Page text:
Friday, April 29, 2016

Why Trump’s Mexican Remittance Ban Scheme Won't Work (Not Even for 24 Hours)

Alex Nowrasteh says it is possible Trump's remittance ban scheme might even spur more illegal immigration into the U.S.

Thursday, April 28, 2016

MAP: How Many People in Each State Make the Federal Minimum Wage

In other words, the number of people (percentagewise) in each state most vulnerable to getting laid off because of a hike in the minimum wage.

(chart via Business Insider)

The Most Under-Reported Sentence in Donald Trump's Foreign Policy Speech

Yesterdays foreign policy speech by Donald Trump has received extensive coverage.

However, one sentence in his policy speech is not receiving any coverage in mainstream media. The sentence deserves extensive coverage,

It is this sentence:
We need to think smarter about areas where our technological superiority gives us an edge. This includes 3-D printing, artificial intelligence and cyberwarfare.
In the paragraph above this, Trump said, "We are also going to have to change our trade, immigration and economic policies to make our economy strong again – and to put Americans first again. "

This suggests that Trump is thinking in terms of some sort of national industrial policy, perhaps infant industry protection.

A google search for news relating to "Trump industrial policy'" turned up my comment yesterday on the matter but there were no other links related to Trump's speech and industrial policy.

Murray Rothbard considered industrial policy to be a left-Keynesian policy (See: Making Economic Sense  chapter 32).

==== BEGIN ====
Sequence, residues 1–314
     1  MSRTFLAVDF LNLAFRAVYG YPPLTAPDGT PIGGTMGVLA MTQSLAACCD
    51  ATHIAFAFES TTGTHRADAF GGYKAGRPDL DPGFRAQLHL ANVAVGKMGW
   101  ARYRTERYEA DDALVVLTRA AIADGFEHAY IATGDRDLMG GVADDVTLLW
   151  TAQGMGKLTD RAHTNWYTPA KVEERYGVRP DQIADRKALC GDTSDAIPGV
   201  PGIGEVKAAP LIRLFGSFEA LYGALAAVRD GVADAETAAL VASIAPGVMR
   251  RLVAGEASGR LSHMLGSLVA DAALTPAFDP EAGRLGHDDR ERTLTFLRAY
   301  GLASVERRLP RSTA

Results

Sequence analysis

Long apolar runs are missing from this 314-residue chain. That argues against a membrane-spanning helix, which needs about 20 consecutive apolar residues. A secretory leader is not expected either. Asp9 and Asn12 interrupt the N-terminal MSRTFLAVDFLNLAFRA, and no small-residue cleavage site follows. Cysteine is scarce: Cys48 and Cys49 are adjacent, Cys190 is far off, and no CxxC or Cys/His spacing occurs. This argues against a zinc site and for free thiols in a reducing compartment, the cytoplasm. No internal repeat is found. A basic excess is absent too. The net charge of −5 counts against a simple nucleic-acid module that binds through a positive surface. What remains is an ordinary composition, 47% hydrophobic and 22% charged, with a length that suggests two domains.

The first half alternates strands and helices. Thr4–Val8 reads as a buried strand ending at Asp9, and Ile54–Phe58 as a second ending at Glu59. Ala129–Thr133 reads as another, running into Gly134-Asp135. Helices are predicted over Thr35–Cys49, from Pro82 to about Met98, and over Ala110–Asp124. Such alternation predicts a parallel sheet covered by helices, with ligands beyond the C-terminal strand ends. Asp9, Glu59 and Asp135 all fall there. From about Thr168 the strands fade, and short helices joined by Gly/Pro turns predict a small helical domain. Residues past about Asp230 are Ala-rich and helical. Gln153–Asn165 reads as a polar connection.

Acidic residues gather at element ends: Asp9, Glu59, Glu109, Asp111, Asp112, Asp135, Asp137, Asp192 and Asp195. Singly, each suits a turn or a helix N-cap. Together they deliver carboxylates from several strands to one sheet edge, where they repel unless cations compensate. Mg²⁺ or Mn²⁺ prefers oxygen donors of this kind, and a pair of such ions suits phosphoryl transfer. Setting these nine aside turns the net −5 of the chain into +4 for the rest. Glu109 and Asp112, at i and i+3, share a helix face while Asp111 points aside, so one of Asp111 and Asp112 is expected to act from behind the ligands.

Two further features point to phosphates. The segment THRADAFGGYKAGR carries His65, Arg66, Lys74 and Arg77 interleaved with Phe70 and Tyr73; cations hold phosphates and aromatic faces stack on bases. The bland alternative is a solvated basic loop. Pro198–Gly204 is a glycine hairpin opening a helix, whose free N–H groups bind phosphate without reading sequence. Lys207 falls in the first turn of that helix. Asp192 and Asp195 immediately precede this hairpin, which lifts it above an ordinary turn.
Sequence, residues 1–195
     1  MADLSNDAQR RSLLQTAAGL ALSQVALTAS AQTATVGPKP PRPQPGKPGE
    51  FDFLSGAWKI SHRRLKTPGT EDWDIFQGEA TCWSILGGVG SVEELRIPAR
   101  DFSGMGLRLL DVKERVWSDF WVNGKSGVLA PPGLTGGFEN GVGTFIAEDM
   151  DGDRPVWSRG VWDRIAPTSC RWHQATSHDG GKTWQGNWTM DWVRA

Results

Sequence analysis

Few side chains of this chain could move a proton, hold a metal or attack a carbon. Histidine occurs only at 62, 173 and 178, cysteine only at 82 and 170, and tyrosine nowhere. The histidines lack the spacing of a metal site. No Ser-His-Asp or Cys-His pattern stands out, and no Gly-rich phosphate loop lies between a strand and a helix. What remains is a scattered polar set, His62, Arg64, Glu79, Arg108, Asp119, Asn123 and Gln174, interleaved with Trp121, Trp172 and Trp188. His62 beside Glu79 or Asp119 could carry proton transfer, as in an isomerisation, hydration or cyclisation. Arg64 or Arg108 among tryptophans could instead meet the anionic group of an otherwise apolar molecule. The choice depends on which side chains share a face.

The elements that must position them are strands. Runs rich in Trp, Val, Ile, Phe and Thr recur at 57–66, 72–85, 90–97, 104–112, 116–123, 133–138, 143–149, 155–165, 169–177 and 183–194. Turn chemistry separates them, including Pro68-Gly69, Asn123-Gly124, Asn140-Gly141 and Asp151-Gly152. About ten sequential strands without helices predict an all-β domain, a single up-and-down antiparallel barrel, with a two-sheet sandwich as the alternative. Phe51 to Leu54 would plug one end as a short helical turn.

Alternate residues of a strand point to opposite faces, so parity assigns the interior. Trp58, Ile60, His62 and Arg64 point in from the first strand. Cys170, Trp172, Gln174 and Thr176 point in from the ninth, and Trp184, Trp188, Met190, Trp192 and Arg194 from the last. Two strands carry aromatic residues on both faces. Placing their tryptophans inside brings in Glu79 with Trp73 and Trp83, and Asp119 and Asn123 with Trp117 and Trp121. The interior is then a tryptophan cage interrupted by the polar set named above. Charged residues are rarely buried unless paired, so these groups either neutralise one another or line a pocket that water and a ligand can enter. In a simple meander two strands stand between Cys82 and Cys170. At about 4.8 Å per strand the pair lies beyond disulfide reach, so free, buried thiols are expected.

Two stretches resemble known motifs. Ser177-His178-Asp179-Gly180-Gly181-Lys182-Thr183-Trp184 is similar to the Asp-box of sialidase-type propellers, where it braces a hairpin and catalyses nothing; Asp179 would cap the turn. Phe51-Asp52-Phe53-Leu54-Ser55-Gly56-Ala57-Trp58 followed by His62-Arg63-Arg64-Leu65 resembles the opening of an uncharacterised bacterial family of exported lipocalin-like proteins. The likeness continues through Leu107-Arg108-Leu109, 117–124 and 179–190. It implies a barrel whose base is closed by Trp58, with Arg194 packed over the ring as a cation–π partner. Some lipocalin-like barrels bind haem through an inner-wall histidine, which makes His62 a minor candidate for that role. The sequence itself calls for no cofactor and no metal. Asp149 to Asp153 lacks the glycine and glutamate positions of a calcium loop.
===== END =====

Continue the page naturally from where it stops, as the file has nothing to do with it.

Specifically, with regard to infant industry protection, Rothbard wrote (See: The Rothbard Reader chapter 13):
The “infant-industry” argument has been considered as the only justifiable ground for a protective tariff by many “neoclassical” economists...

Protectionist economic historians are under pains to assert that no important infant industry can be established without substantial tariff protection against entrenched foreign competition. The high degree of tariff protection in the greater part of the history of the United States, has made this preeminent industrial country a favorite “proof” of the infant-industry argument.

Ironically, it is the United States that provides the most striking illustrations of the fallaciousness of the infant-industry doctrine. Within its vast borders, the United States offers an example of one of the world’s largest free-trade areas. The frequent regional shifts in American industries provide numerous examples of birth and growth of infant industries, and decline of old, established industries.
James E. Miller wrote when discussing Paul Krugman's book Pop Internationalism:
Krugman's basic premise throughout the book is that free and globalized trade is not something a wealthy country such as the United States should fear, but rather something it should embrace. Protectionist fears of free trade such as "massive unemployment" and "trade deficits" are unjustified according to Krugman, because what drives trade is comparative rather than absolute advantage....  
Krugman points out that the idea of a country adopting an industrial policy to help certain "high-value" industries to be competitive in the world economy is superfluous. "Why," Krugman asks, "weren't private markets already doing their job?"
He goes on to state that "the productivity of the average American worker is determined by a complex array of factors, most of them unreachable by any government policy."..To top off his embrace of market efficiency over government policy, he even goes on to acknowledge that government intervention to improve competitiveness can ultimately lead to "misallocations of resources."